On a Sofa at the Archive

DSCN0062To rette en vrang“/Knit two, purl one, is not only my Norwegian book title but also the name given to a talk I went to at Riksarkivet/The National Archives last Tuesday. Why has knitting become so popular in Norway was the question asked and how did it start? “The knitting wave is washing across the country. People are taking out their knitting everywhere, they blog about it and exchange knitting tips across the continents. But how much do we actually know about our own knitting history? Norwegian textile- and clothing history is in focus this evening.” Journalist and passionate knitter Kristian Elster lead the talk with Curator at KODE – The Art Museums in Bergen – Anne Britt Ylvisåker and Ethnologist Ingun Grimstad Klepp. The simple answer from Ylvisåker is that we know very little about our own Norwegian knitting history because the definition of the term “knitting” is so wide; it include numerous other handicraft techniques and in addition the fragments that are found are not necessarily made by Norwegians. Above is the well filled entrance hall of the impressive building at Sognsvann in Oslo, see the facade here: www.statsbygg.no. It came as no surprise, to me, that this was a new attendance record in their series of talks.

DSCN0061I did not even sit on the first row as you can see from above. Riksarkivet have their own You Tube Channel where you can watch all their “I en sofa på Arkivet” talks in Norwegian, including this one: www.youtube.com. What we do know is that knitting in Norway was done in the 1500 century, and began with poor people knitting socks out of necessity. It was not until the early 1900 century that it became more popular and that the gentry began knitting, but this time in fine cotton and delicate items to prove that this was not because it was an essential item but merely for pure pleasure. Just as knitting is today, and the popularity of all the different Facebook groups like “Koftegruppa” was mentioned due to its large number of members, with more than 36 000 members. Klepp does not believe it is only a wave but something much more permanent and sustainable. Knitters will also become even more aware of the origin plus material of their yarn in the future, predicted Klepp, and compared it to recent food discussions. Ylvisåker believes the rise of the knitting popularity began in the post war years with the nation building. At a time when the enjoyment of the outdoors flourished and dexterity was in demand. Knitting was no exception hence the knitting patterns became public.


Above, is one of Riksarkivet’s photos of Ingun Grimstad Klepp wearing a Fanakofte with crocheted sleeves, Anne Britt Ylvisåker and Kristian Elster wearing a Marius Genser. Klepp told us how she rescues UFO’s found at flea markets, imagines what the knitter’s intention originally was before it was abandoned, and then decides how to re-design it, all on a much smaller scale than artist Kari Steihaug did for her book, see my review here: Archive: The Unfinished Ones. After the talk had finished questions from the audience were answered, but not all were equally easy to answer like when did our tradition with using a sewing machine before steeking – cutting open a colorwork body to make a cardigan begin? Read more about Klepp and her book Ren Ull/Pure Wool here: Ulluka Campaign for Wool Week. It was an enjoyable evening spent knitting in the company of many others.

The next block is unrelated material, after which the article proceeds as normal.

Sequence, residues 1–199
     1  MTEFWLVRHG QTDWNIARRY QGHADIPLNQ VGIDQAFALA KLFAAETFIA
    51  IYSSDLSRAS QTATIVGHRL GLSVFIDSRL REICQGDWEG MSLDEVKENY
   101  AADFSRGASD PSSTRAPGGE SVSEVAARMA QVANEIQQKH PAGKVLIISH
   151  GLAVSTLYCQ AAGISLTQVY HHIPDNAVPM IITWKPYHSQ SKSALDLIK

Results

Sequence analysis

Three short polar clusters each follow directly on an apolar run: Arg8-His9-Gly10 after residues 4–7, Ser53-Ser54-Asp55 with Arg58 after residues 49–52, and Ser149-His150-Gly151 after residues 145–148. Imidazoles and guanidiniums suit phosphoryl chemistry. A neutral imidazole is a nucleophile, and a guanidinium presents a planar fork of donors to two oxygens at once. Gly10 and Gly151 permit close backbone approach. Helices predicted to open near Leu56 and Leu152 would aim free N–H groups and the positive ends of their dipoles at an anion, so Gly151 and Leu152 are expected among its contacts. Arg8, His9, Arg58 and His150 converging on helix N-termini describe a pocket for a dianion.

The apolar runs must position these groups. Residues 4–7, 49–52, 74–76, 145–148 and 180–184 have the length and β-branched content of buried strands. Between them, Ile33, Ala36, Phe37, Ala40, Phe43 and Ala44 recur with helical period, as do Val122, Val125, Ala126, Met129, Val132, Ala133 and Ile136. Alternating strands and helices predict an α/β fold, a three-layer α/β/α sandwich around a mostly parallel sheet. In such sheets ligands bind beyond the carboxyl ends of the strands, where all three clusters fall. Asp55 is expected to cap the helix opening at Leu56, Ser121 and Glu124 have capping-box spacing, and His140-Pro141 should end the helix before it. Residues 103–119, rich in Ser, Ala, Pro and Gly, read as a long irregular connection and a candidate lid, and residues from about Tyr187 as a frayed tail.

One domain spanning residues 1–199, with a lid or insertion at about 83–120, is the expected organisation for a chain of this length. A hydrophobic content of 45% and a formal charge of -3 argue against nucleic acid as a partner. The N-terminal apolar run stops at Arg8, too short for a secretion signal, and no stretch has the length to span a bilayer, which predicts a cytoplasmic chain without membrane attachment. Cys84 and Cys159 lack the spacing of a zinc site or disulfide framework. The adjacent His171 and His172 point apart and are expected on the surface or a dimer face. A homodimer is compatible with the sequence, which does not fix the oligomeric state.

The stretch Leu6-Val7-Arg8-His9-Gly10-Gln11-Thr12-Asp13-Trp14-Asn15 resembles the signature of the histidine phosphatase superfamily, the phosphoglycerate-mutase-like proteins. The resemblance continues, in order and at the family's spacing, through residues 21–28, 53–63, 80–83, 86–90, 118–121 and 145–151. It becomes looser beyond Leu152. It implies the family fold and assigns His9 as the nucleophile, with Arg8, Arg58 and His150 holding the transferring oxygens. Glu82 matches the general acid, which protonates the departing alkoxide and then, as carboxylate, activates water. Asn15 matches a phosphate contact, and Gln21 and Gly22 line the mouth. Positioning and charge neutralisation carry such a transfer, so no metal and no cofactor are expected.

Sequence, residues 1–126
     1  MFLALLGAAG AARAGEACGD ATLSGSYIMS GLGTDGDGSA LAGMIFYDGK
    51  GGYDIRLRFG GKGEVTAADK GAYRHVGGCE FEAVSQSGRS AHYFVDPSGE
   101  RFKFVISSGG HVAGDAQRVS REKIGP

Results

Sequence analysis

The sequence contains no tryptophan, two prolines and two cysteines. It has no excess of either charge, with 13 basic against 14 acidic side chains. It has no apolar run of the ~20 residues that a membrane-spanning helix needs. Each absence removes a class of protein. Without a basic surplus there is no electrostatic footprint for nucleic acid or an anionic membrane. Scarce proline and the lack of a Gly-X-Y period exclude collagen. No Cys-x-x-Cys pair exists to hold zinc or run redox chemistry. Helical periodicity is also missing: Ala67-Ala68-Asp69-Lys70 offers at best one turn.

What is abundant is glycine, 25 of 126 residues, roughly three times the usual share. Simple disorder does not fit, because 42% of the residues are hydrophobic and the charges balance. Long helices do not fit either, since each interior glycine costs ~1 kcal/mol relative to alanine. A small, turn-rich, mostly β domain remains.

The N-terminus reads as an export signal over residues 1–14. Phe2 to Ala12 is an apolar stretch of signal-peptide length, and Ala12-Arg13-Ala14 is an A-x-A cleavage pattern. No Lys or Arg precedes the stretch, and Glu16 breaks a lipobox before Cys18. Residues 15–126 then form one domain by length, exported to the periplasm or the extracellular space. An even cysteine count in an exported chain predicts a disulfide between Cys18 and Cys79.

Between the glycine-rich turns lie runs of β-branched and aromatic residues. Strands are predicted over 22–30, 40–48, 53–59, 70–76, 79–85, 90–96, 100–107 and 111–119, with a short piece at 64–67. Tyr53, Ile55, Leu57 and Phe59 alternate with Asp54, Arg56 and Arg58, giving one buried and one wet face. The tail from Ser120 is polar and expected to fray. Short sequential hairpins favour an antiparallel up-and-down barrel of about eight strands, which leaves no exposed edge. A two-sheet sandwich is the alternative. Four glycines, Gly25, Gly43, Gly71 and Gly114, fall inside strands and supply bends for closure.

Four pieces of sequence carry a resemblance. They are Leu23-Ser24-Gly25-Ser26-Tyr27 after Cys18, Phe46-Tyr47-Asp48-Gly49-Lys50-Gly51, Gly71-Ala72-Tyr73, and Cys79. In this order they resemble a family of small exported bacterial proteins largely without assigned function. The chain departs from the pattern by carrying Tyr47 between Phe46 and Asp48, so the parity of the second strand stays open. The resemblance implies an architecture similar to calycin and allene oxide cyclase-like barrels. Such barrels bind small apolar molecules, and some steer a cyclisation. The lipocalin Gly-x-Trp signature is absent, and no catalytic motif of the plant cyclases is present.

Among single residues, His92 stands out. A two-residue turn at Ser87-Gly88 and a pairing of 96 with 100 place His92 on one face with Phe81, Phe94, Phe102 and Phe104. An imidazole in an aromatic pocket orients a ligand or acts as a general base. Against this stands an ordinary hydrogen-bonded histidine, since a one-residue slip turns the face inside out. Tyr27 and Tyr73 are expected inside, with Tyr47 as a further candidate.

The Knitting Wave or Why Yarns Pill Debate

DSCN1679The topic of the debate organized by NFF, Norsk faglitterær forfatter og oversetter forening/Norwegian Non-fiction Writers And Translators Association was; What makes a knitting book successful, and what started the current knitting wave in Norway? The evening started with nearly a 100 attendees – a mixture of authors, journalists, reporters, knitters and other interested persons – facing a panel consisting of Pickles founders: Anna Enge and Heidi Grønvold, publisher MD Arve Juritzen of Marius Strikkebok (85 000 copies sold, see my post Craft Wave), author Kristin Wiola Ødegard, and chaired by Kristin Isaksen communications leader at NFF. First, the panel introduced themselves, and told us what they believed to be the future of the knitting book. The Pickles’ girls were surprised that their 3 books containing patterns, all previously published online, still sold like hotcakes and believed knitters wanted their patterns gathered in print form – a bit like the way a squirrel hoards or stash – and that the knitting wave is a revenge of the knitting nerd. You could hear the collective nod, since we all have a stash of yarns and books. In addition, knitting is now accepted in public spaces, formerly unheard of. Juritzen was taken back by the Marius book success, but believed it to be due to its storytelling ability, and told us that they now receive about 2 new knitting book proposals a week. Juritzen himself is convinced that a knitting book should be summed up in one sentence for it to have a chance of a success. Kristin’s book explains itself in the title, strikes a blow for the use of waste yarn, and was inspired by her customers’ demand at the yarn shop, Tjorven but is not published by Juritzen but by Gyldendal.